Depending on which side of an idea we stand on, we will say it’s “wrong” for some people to do such things, but “right” for us. Therefore we sometimes seek “protections” against them… out of fear, not love, of the evils we believe “they” will do. Yet, by so doing, we overshadow the greatness that is within those who will become presumed under-achievers based on external data, never bothering to look inside.. More often than not, in order to get our attention, they will then live down to our personal and collective presumptions; that is, until they consciously decide to live up to their own.

While today’s affirmative action advocates fashion themselves as carrying the torch for civil rights, it’s important to point out that the goal of the Civil Rights movement of the 1960’s was equal treatment under the law (and alignment with the founding principles of the United States), not a transposition of “unequal treaters.” Affirmative action advocates say that they want equality, but don’t say that they believe that the people they are “fighting” for aren’t capable of standing on their own. If they did so, the “downtrodden” might finally rise up on their own. If today’s “neo activists” believed in real affirmative action instead of simple rabble rousing, they’d support ways to make human achievement capability unquestionable. The best way to do so is to remove artificial, arbitrary, and externally biased support structures.

Unequal civil practices that are based on racial profiles and unspoken biases, are arrogant, narrow minded, condescending, and based on false and harmful assumptions. “Supporters” of such practices do not express confidence that income and academic achievement gaps can and will close with the removal of race-based preference schemes. This is most likely because they either don’t believe that they will, or don’t know how to make it happen. Since the latter option would be hard to admit, they sell the capability of a generation of children and adults-to-be down the river. Euro-centrism, “the System” or some other entity, are deemed more powerful than their own commitment and resolve, which is another falsehood. They cover their tracks with fear by suggesting that greater disparity will occur if we don’t keep a watchful eye out for the “race crimes” that would come. As long as the belief is strong, it will be “true” for all believers.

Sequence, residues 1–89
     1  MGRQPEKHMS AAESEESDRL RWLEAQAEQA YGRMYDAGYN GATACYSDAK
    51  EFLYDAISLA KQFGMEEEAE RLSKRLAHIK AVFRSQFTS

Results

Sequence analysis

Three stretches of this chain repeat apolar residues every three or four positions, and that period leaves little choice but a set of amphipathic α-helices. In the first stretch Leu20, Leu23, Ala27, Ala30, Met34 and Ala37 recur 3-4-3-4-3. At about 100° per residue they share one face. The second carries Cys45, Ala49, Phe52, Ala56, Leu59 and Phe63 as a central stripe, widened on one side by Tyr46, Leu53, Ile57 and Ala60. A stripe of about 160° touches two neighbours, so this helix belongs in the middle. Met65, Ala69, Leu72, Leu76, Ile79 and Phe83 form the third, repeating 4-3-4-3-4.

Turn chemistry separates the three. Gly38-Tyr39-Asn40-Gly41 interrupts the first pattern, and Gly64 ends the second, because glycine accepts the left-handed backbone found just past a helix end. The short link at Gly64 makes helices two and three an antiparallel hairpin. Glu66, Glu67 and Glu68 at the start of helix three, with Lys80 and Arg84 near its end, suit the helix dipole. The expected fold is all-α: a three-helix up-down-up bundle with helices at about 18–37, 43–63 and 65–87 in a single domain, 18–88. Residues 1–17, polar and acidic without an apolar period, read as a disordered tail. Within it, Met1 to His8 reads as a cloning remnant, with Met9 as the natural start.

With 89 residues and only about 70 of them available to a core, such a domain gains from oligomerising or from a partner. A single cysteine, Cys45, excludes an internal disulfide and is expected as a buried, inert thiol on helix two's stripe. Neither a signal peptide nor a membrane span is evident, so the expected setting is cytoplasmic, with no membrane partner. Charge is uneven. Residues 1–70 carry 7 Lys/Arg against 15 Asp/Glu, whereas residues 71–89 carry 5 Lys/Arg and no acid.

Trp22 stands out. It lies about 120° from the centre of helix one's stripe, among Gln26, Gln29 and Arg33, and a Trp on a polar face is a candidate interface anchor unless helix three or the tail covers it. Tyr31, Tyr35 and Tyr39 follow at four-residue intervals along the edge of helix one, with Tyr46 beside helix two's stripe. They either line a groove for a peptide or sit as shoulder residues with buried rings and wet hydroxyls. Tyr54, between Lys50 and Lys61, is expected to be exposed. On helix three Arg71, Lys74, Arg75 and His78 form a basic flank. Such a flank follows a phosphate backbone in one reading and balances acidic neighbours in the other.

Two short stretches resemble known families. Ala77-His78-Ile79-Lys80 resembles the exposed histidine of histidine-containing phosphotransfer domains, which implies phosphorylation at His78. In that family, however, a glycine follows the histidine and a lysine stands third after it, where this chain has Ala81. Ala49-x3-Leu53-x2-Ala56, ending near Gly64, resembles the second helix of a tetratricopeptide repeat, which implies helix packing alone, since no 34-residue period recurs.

Our real power as human beings is in where we focus our thoughts and energies, and how we use them. This applies to all people. History, culture and tradition are secondary to these primary truths. Therefore, as long an individual focuses on the sorrowful aspects of the history, or the bleak prospects of the future, he or she will most likely have a sorrowful present, and consequently, a bleak and sorrowful future.

Focusing one’s attention on the potential evils of the world only makes one an expert in said “evils,” whether real or imagined. Pick one — there’s many to go around — and everything will be seen to be “true” in that context. Every aberrant act will be seen as pervasive. Negativity will be amplified and positive achievements overshadowed or discounted, which allows fear to predominate and love to appear to be subordinate. This practice creates sour dudes and “dudettes.”

When reading material distributed by activist organizations such as B.A.M.N. (By Any Means Necessary), the described scenario appears to be happening. There is bitterness in their message, particularly for those who they consider “enemies” of their point of view. Love cannot flourish in a bitter heart. It sits silently waiting for the clouds — of anger, resentment, and enmity — to pass. The clouds will sometimes move slowly.